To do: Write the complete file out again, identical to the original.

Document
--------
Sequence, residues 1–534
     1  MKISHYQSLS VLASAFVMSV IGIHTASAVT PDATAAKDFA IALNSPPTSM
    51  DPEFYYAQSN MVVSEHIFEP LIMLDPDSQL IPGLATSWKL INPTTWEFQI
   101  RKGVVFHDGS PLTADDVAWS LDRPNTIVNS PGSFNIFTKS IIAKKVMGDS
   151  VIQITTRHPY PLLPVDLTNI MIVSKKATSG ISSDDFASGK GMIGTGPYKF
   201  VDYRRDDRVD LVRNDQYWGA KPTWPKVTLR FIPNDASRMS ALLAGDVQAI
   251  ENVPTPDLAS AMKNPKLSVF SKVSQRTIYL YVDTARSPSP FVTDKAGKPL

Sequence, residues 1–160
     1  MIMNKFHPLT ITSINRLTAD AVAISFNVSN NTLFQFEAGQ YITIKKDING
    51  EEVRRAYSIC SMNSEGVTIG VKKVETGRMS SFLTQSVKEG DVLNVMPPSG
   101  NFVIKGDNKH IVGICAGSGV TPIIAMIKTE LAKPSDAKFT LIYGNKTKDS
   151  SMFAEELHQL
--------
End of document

Sequence, residues 1–534
     1  MKISHYQSLS VLASAFVMSV IGIHTASAVT PDATAAKDFA IALNSPPTSM
    51  DPEFYYAQSN MVVSEHIFEP LIMLDPDSQL IPGLATSWKL INPTTWEFQI
   101  RKGVVFHDGS PLTADDVAWS LDRPNTIVNS PGSFNIFTKS IIAKKVMGDS
   151  VIQITTRHPY PLLPVDLTNI MIVSKKATSG ISSDDFASGK GMIGTGPYKF
   201  VDYRRDDRVD LVRNDQYWGA KPTWPKVTLR FIPNDASRMS ALLAGDVQAI
   251  ENVPTPDLAS AMKNPKLSVF SKVSQRTIYL YVDTARSPSP FVTDKAGKPL

Sequence, residues 1–160
     1  MIMNKFHPLT ITSINRLTAD AVAISFNVSN NTLFQFEAGQ YITIKKDING
    51  EEVRRAYSIC SMNSEGVTIG VKKVETGRMS SFLTQSVKEG DVLNVMPPSG
   101  NFVIKGDNKH IVGICAGSGV TPIIAMIKTE LAKPSDAKFT LIYGNKTKDS
   151  SMFAEELHQL